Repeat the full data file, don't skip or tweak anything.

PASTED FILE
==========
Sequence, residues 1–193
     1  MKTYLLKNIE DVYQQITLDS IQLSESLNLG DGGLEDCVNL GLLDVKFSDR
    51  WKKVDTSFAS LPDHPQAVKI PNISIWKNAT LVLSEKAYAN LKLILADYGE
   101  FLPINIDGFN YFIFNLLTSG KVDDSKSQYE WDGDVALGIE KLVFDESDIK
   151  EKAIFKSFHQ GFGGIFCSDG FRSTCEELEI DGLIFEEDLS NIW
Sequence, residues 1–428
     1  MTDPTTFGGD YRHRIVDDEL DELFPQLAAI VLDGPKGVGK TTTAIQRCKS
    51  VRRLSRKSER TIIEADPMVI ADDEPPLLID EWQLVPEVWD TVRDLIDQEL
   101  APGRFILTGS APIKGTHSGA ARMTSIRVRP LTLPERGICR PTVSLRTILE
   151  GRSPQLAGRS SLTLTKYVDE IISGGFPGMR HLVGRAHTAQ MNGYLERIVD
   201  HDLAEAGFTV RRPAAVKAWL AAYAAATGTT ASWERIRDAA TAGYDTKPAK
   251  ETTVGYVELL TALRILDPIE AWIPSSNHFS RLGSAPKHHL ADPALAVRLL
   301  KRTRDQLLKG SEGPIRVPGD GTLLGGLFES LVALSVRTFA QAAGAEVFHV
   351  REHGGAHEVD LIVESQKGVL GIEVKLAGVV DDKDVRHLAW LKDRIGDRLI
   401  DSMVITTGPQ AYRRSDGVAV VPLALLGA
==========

Sequence, residues 1–193
     1  MKTYLLKNIE DVYQQITLDS IQLSESLNLG DGGLEDCVNL GLLDVKFSDR
    51  WKKVDTSFAS LPDHPQAVKI PNISIWKNAT LVLSEKAYAN LKLILADYGE
   101  FLPINIDGFN YFIFNLLTSG KVDDSKSQYE WDGDVALGIE KLVFDESDIK
   151  EKAIFKSFHQ GFGGIFCSDG FRSTCEELEI DGLIFEEDLS NIW
Sequence, residues 1–428
     1  MTDPTTFGGD YRHRIVDDEL DELFPQLAAI VLDGPKGVGK TTTAIQRCKS
    51  VRRLSRKSER TIIEADPMVI ADDEPPLLID EWQLVPEVWD TVRDLIDQEL
   101  APGRFILTGS APIKGTHSGA ARMTSIRVRP LTLPERGICR PTVSLRTILE
   151  GRSPQLAGRS SLTLTKYVDE IISGGFPGMR HLVGRAHTAQ MNGYLERIVD
   201  HDLAEAGFTV RRPAAVKAWL AAYAAATGTT ASWERIRDAA TAGYDTKPAK
   251  ETTVGYVELL TALRILDPIE AWIPSSNHFS RLGSAPKHHL ADPALAVRLL
   301  KRTRDQLLKG SEGPIRVPGD GTLLGGLFES LVALSVRTFA QAAGAEVFHV
   351  REHGGAHEVD LIVESQKGVL GIEVKLAGVV DDKDVRHLAW LKDRIGDRLI
   401  DSMVITTGPQ AYRRSDGVAV VPLALLGA